Some days later in a conversation with the Dallas Observer, Dickey defended the offer as an attempt to create a level playing field between his neighborhood and the topless operators, who have poured thousands into council campaigns in the past.

"I am totally unapologetic," he said. "That's how you get things done, especially when someone seems to be on the fence or not that well-informed."

The problem with that approach may be that it does, to some extent, level the playing field, at least in moral terms, and that's right where the club owners want it. If it's legitimate for the community activists to offer campaign contributions in exchange for support on a specific issue, they ask, why is it automatically naughty for them to do the same? Rather than a holy war between white hats and black hats, the club owners ask, why shouldn't this battle be viewed as a straight-up contest over land use between equally legitimate competitors?

Steven H. Swander, a Fort Worth attorney who has defended a number of club owners on First Amendment issues, argues that most of the larger clubs have managed to continue operating by staying just inside the law or by staying just inside some judge's restraining order, which, he points out, amounts to the same thing.

Swander is a professorial type who speaks carefully and almost winces when he comes to the more colorful details of what obviously is a specialty, the relationship between body parts and free speech. He spiels off the history of clear latex pasties: the court decision that caused the clubs to switch to non-latex pasties in order to change their status to Class A dance halls and escape location limits, followed by a new ordinance in 1997 focusing on the breast beneath the nipple, struck down by the court, thereby allowing clubs to operate with non-flesh-colored pasties as dance halls rather than sexually oriented businesses.

On the one hand, it doesn't seem right that something as simple as sex should be chopped up into such awkward little parts. On the other hand, no matter how embarrassing the debate may be on the surface, fundamental issues of freedom of expression do run at its core, specifically the ability of a man or woman to use the body and bodily expression to convey to an audience the message, "I want to have sex with you."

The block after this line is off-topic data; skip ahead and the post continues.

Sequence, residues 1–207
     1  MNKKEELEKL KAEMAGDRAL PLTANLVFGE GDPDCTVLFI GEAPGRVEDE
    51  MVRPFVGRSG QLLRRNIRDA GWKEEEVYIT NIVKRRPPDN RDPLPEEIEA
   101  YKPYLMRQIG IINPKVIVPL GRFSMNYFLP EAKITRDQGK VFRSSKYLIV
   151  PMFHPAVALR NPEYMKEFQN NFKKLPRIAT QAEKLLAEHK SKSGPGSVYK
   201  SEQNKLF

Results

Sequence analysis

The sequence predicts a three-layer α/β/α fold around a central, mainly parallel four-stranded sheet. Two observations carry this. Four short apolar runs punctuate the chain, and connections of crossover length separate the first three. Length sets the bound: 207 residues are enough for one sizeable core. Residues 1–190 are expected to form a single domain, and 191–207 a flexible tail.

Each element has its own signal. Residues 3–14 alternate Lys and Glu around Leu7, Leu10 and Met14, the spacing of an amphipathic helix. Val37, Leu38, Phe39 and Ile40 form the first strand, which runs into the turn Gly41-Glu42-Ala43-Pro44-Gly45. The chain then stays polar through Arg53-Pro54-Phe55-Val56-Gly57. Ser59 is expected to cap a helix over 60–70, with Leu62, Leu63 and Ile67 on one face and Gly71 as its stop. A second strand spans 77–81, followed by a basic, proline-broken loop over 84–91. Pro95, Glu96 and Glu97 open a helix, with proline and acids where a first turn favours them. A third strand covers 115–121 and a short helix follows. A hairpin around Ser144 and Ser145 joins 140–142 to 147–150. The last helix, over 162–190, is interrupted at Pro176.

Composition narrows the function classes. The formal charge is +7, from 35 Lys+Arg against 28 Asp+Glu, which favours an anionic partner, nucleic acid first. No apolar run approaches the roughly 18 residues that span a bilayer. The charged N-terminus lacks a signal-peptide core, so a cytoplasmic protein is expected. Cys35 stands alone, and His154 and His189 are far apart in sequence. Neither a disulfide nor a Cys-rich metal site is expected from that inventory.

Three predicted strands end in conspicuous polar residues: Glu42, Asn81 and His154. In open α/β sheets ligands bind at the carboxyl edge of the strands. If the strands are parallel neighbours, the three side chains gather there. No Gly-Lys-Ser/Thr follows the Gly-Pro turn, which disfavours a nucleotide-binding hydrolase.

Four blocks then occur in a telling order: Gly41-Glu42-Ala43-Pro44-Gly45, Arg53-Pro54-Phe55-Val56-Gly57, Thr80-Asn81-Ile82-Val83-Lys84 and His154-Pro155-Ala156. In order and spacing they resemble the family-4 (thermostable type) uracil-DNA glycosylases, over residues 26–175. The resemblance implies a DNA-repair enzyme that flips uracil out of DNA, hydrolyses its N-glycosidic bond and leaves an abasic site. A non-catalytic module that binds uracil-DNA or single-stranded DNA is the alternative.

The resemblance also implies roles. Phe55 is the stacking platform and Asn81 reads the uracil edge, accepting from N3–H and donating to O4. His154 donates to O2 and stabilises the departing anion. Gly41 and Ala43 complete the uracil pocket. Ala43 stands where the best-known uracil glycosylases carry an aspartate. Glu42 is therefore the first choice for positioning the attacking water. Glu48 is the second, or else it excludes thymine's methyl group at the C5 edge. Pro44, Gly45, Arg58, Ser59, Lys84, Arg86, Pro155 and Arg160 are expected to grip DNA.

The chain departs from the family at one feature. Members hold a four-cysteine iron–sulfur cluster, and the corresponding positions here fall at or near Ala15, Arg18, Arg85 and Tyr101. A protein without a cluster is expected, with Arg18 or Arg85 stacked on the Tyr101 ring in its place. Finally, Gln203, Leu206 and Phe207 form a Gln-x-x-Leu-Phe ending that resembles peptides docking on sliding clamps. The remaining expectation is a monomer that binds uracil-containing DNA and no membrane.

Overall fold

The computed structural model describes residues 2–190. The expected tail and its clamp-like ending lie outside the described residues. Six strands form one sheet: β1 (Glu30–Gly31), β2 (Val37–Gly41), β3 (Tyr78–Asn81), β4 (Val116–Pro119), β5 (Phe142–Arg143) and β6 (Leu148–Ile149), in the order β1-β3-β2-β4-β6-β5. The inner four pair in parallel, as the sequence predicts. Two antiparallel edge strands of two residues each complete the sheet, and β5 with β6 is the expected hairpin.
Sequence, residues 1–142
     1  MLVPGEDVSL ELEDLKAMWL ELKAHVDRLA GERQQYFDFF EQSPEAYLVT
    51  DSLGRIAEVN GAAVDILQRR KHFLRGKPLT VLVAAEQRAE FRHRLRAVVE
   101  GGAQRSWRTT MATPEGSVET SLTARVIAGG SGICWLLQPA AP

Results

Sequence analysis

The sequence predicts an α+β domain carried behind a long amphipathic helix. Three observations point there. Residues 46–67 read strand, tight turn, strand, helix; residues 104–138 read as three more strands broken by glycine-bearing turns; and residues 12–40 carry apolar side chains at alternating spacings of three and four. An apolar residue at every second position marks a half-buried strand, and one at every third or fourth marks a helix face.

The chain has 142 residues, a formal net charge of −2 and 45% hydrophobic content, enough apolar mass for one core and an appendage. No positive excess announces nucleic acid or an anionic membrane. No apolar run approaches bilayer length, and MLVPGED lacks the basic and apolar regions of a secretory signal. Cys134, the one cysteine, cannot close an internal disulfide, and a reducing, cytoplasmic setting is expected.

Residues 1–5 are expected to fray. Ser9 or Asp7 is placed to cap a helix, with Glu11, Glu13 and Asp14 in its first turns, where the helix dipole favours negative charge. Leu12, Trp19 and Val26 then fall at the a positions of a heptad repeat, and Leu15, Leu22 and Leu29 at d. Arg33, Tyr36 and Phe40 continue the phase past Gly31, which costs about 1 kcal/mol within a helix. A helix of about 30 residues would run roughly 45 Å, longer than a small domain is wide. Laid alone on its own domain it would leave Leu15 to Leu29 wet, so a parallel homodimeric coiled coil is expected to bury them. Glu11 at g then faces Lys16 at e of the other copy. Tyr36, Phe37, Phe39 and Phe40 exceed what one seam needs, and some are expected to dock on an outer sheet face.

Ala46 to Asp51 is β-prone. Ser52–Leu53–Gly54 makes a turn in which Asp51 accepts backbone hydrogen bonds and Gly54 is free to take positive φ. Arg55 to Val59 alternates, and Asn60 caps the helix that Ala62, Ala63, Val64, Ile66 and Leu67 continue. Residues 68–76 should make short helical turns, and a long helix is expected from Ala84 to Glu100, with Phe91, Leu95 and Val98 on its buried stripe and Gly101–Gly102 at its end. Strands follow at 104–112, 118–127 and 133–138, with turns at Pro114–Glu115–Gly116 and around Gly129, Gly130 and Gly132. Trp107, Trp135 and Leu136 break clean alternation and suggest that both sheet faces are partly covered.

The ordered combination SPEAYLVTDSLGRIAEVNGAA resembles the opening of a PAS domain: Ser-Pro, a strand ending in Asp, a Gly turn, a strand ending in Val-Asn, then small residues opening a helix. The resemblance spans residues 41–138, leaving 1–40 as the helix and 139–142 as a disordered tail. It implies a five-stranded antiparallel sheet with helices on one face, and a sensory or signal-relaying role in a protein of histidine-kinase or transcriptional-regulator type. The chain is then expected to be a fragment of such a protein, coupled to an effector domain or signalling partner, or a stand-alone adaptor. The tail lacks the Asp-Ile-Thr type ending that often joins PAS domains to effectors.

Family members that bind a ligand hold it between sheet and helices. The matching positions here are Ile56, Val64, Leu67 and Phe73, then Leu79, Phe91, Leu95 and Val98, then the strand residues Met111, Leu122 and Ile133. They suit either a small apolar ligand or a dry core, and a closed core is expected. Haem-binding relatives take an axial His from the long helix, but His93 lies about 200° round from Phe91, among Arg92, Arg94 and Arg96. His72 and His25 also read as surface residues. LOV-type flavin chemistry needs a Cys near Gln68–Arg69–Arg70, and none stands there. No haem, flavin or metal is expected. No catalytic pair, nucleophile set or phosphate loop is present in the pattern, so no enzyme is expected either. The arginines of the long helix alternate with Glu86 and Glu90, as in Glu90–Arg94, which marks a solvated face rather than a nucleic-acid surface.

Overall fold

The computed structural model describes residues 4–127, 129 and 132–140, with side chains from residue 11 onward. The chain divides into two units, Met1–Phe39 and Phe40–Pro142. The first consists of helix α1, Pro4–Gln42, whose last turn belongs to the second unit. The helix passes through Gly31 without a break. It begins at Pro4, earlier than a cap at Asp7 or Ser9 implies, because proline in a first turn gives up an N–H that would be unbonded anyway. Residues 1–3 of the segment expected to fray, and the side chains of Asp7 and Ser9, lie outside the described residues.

In footnotes to legal briefs and in reams of scientific research, an entire literature deals with erotic expression and how people say what to whom. In even finer detail--in the area of law Swander can recite--a body of legal opinion deals with specific body parts and what they have to say for themselves. Great legal minds have concurred that a bared nipple says, "Come and get it," while a halter top says something more like, "Let's take the kids to the beach."

For the most part, American courts have held that the message "Come and get it" is protected speech under the First Amendment. At the same time, the courts also have been consistent over the last 25 years in recognizing that neon-nudie striptease clubs tend to turn the areas around them into red-light districts and that communities have a right to resist that process.

The U.S. Supreme Court, with some stutters and stumbles, has been trying for 25 years to find some way communities can defend themselves against red-light districts without doing violence to the First Amendment. It is less an easy trick than we might think. If the dancing ladies in the clubs can't say, "I want to have sex with you," then the highbrow playwright can't say it either; Pavarotti can't sing it; the Bolshoi can't dance it; and presumably you can't say it in public, whether you mean to or not.

The law can't ban the message in naughty honky-tonk places and allow it in healthy, wholesome venues. If the message were banned everywhere, it's possible that gendarmes might come down the beach one day and warn you that your swimsuit has been saying it behind your back.